A Lucky Child – Thomas Buergenthal

I’m always intrigued by first-hand accounts of the Holocaust.  Thomas Buergenthal’s memoir, A Lucky Child, is no exception.  This is a unique story, others of this kind are not known to me.  He was ten years old when he was finally liberated from Sachsenhausen in 1944.  He survived over two years in the harsh conditions of these labor (concentration) camps as a child.  Most children in those camps were collected upon arrival and killed in the gas chambers.  He considers it nothing but luck that he and his father were witty enough to get around the fate that fell upon so many others of Thomas’ age.  At the first camp, Thomas’ father was seen as a factory manager and stated that his son was useful.  Thomas mustered the courage to let the commander of the camp know that he could work!  In Birkenau, Thomas had several close calls as the infamous Dr. Mengele sought out children or special cases to perform ‘scientific experiments’. Thomas’ father taught him to line up for morning counts near the doors to the barracks and then sneak back in as soon as counts concluded, to avoid selection if possible.  Thomas also spent time in Auschwitz before moving to his final camp in Sachsenhausen.  During that final march, the cold took two of Thomas’ toes with frostbite.  He spent a few weeks in the infirmary, scared to death as that is the most likely place for SS guards to round up people to exterminate. As he was nearly healed, bombs dropped in nearby Berlin and the camp was liberated.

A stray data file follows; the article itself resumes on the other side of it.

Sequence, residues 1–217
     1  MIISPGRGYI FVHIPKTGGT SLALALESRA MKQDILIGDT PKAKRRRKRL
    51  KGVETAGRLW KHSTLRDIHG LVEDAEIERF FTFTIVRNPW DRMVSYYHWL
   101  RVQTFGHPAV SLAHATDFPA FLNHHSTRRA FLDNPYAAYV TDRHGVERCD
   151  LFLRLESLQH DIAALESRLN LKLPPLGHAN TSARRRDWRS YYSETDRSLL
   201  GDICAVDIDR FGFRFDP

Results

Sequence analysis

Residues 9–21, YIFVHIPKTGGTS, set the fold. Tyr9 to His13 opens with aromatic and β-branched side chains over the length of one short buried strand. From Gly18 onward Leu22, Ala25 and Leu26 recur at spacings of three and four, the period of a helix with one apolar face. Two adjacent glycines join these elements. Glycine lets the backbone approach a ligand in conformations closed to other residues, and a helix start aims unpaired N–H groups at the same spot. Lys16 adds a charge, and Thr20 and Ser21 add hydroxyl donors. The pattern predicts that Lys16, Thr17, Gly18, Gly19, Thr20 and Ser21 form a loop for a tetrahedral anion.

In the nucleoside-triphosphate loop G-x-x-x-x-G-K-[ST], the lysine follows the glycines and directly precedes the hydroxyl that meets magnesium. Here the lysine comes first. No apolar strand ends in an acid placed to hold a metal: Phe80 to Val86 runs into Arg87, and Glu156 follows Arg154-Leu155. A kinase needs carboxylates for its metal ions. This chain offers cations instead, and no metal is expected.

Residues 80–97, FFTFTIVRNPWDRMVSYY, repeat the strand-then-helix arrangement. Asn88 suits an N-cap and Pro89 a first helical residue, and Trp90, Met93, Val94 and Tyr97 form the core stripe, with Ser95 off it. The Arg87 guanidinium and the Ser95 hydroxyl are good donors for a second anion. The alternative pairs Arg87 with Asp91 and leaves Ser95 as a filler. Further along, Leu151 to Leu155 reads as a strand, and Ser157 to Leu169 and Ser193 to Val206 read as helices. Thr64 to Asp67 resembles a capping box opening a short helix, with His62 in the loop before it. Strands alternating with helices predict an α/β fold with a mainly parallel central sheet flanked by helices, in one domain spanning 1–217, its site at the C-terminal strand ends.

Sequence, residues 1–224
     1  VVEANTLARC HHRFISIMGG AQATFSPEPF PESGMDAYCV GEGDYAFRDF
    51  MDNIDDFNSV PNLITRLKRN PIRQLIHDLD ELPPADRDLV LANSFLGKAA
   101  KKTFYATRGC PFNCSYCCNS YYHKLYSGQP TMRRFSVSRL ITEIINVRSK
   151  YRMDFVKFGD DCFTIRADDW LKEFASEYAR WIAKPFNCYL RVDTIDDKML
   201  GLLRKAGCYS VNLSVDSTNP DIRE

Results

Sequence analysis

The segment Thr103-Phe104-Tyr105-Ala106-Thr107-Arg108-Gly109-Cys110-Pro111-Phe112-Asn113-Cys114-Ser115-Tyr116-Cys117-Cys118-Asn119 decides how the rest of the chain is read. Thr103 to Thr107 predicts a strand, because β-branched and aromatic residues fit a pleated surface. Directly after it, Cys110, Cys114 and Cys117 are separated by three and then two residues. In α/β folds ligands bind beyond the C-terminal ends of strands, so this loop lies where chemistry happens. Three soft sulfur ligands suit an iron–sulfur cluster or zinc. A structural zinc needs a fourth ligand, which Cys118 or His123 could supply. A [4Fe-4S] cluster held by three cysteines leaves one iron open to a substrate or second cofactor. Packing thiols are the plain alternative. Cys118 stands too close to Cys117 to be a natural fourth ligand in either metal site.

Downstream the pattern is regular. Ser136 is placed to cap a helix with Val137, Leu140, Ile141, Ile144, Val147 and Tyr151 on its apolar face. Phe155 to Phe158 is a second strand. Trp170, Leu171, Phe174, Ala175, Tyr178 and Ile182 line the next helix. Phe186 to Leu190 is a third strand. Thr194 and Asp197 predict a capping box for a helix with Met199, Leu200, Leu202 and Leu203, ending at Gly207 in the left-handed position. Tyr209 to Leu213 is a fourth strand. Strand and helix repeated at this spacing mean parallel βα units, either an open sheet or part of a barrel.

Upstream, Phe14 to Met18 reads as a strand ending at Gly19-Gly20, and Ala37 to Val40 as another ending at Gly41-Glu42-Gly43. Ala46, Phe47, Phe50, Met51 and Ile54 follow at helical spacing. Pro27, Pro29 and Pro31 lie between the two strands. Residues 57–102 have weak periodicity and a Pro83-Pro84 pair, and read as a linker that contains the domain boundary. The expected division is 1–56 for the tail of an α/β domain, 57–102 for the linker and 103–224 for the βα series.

While in the infirmary, a man known as Odd Nansen visited often.  He shared candy and bits of food with Thomas, even bringing him some books to try to get him started with education as the war had taken that opportunity away.  Later, during the reconstruction, Thomas was reunited with his mother after a year in a Polish orphanage (his father died with unknown circumstances in the camps).  While he was with his mother, they told each other their many stories, reconnecting from all the time spent apart.  Thomas mentioned in fondness of the kind man who had helped him in the infirmary and soon they came upon a news article about Odd Nansen from Norway.  Thomas wrote Odd Nansen and reconnected with him, visited him in Norway, and was proud to learn that Odd Nansen had published his personal diaries from the camps, dedicated them to young Thomas.  Thomas had become somewhat of a celebrity!

Buergenthal spoke of many friends and family he lost during the war.  Many times in the book, he sadly stated that ‘I never saw or heard from him/her again.’

As he was reconnected with his mother, he wrote ‘I could be a child again.’  He spent years of his childhood thinking and surviving as an adult.  He had no chance to play or let others take care of him.  It was quite a relief to know that his mother was responsible for him again.  A tutor was hired to help Thomas catch up with his peers and the man realized that academically Thomas was far behind, but in maturity, the camps had made him think and act much more like an adult.  They had many adult conversations and discussions about the war, the strategies, the losses. At first, Thomas wished to have a mounted machine gun to shoot all the Germans he saw walking the streets, but after further reflection, he realized that would not accomplish anything.  Like many other survivors, he found that a dedication to the improvement of human rights was a paramount cause as he had seen first-hand how low humans could go without help from others.  As he wrote in the book “I began to think that it was important that individuals like Nansen and the rest of us who had been subjected to terrible suffering at the hands of the Germans treat them with humanity, not because we sought their gratitude or to show how generous in spirit we were, but simply because our experience should have taught us to empathize with human beings in need, regardless of who they were. At the same time, of course, I was convinced that those Germans who ordered or committed the crimes the Nazis were responsible for should be punished.”